Russia-backed grocery app Buyk seeks US cash as bankruptcy looms
Russia-backed grocery delivery app Buyk, which has been crippled by sanctions, is seeking U.S. backers in a bid to save itself from bankruptcy, The Post has learned.
In a company-wide call hours after Buyk suddenly suspended its 15-Minute Delivery service and fired 98% of its employees due to Russian sanctions, CEO James Walker presented three options: “We find funds, we find a buyer or we have to liquidate.”
“We’re looking for short-term funding, funding that allows us to turn the lights back on,” Walker added, according to a recording of Saturday’s video call with 650 workers in New York and Chicago obtained by The Post. “I will do everything possible to revive the business.”
Walker said he’s spoken to executives of competing grocery apps, including Gorillas and Gopuff, as well as delivery giants Doordash and Grubhub. It was not immediately clear if any of these companies, some of which have their own funding issues, would want to bail out Buyk or if other sources of cash could materialize.
“There are people who are very interested in buying the business,” Walker insisted, showing courage even as he said furloughed employees should apply for unemployment benefits and consider taking work. other jobs.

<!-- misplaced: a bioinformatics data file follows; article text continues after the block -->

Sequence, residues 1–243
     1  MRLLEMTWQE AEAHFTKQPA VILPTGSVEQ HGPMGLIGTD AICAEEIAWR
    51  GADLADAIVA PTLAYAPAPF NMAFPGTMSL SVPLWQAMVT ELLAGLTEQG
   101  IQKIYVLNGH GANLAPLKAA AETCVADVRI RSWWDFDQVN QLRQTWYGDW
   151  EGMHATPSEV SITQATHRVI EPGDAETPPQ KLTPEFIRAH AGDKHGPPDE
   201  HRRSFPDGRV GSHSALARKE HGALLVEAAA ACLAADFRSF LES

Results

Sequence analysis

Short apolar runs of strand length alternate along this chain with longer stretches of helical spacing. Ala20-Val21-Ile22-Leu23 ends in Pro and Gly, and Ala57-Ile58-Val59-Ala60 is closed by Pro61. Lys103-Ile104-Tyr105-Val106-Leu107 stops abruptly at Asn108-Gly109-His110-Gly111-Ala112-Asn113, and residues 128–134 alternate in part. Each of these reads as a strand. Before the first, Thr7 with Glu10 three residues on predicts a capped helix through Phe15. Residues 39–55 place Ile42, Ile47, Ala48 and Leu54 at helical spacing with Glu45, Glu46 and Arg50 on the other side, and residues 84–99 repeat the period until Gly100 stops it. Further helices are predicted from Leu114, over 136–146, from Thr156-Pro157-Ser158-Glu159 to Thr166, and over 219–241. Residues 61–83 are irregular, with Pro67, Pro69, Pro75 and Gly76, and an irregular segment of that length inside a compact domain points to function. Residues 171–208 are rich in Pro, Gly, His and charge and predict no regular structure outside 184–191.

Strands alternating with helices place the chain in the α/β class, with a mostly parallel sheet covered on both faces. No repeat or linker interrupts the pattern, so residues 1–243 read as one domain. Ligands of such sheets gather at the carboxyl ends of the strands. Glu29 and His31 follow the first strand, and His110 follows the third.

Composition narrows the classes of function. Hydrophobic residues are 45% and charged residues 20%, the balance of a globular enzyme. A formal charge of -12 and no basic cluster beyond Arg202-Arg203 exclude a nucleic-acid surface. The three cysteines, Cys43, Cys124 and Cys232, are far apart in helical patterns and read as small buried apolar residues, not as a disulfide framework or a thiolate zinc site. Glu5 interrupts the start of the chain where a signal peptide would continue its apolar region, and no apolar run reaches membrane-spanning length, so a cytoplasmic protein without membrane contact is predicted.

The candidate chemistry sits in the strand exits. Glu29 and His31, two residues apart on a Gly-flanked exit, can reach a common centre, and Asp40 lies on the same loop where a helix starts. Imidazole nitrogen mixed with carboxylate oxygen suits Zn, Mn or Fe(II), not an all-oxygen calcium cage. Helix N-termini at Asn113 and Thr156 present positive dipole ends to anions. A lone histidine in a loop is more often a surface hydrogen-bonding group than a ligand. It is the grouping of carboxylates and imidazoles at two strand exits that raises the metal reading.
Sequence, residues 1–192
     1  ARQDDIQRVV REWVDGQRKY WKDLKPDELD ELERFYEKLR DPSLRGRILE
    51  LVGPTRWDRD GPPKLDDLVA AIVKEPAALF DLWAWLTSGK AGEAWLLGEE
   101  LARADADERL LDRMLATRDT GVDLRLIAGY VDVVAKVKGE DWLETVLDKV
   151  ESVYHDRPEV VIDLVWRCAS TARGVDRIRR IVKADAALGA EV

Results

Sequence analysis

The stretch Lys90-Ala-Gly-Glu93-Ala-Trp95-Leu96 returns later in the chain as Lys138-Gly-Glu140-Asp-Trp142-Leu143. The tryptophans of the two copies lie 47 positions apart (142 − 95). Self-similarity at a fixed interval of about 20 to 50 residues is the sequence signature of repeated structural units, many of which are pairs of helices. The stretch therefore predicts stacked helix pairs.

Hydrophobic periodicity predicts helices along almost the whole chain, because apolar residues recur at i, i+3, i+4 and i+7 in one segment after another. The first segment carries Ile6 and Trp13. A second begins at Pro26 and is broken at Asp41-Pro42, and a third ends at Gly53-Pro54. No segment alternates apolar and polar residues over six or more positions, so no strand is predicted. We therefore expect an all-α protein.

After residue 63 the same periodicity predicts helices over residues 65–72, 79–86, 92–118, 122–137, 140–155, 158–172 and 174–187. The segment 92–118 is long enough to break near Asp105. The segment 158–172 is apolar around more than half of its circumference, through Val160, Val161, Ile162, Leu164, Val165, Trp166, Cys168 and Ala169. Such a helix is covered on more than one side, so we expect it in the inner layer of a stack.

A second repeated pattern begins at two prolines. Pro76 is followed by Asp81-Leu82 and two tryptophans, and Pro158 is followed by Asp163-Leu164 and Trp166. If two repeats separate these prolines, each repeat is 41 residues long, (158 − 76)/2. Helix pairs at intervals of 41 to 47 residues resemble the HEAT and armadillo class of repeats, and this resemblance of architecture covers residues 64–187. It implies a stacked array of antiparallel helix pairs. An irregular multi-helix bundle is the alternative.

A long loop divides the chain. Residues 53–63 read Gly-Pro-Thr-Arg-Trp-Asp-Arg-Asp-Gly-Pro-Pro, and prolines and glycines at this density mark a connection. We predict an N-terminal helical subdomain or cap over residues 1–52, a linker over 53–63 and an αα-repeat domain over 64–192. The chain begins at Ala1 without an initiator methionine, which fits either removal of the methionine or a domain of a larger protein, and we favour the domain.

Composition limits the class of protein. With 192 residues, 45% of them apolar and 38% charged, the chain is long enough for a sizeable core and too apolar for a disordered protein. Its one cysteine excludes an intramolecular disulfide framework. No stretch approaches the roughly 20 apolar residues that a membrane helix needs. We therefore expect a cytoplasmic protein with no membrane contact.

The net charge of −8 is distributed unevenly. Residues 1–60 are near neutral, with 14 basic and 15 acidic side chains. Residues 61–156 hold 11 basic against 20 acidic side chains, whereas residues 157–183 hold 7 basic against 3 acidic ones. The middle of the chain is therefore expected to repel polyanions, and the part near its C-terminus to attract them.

A Buyk employee told the Post that Walker “said all the right things” on the call, but it seemed “too little, too late.”
Next Friday, Buyk employees are supposed to be paid for the two-week period before the previous Friday’s suspension. If Buyk fails to secure short-term funds or a buyer by then, employees likely won’t be paid on time, Walker said. If Buyk then goes bankrupt, he said, his assets will be sold to pay employees the wages owed to them.
Buyk was launched in New York last year as a spin-off from Samokat, a delivery app popular in Moscow and St. Petersburg that is partially controlled by Sberbank, a Russian state bank. Sberbank was among Russian banks sanctioned by the US and UK last week in retaliation for Vladimir Putin’s brutal invasion of Ukraine.
Walker told The Post on Friday that Buyk’s money problems were due to “sanctions against Russian banks” that made transfers from Russia to the United States “unsustainable.” While speaking to employees, Walker also blamed “Putin’s reluctance to let the funds leave Russia’s borders.”
Samokat and Buyk use some of the same technology and Buyk had logistics and support staff based in Russia. Walker said on the call that Buyk’s Russian employees were “absorbed” into Samokat and that any U.S. relaunch of Buyk would not include Russian employees.
Buyk did not immediately respond to a request for comment.
The Post was the first media outlet to report that Buyk was suspending operations on Friday.
“When this New York Post article came out, I think last night,” Walker said at Saturday’s meeting, “my wife was like, ‘Ugh, what a terrible article.'”
“I said, ‘No, that’s a great article,'” Walker continued. “And frankly, I don’t care what they have to say about me, but it lets people know that Buyk is in trouble and maybe there will be a lifeline there.”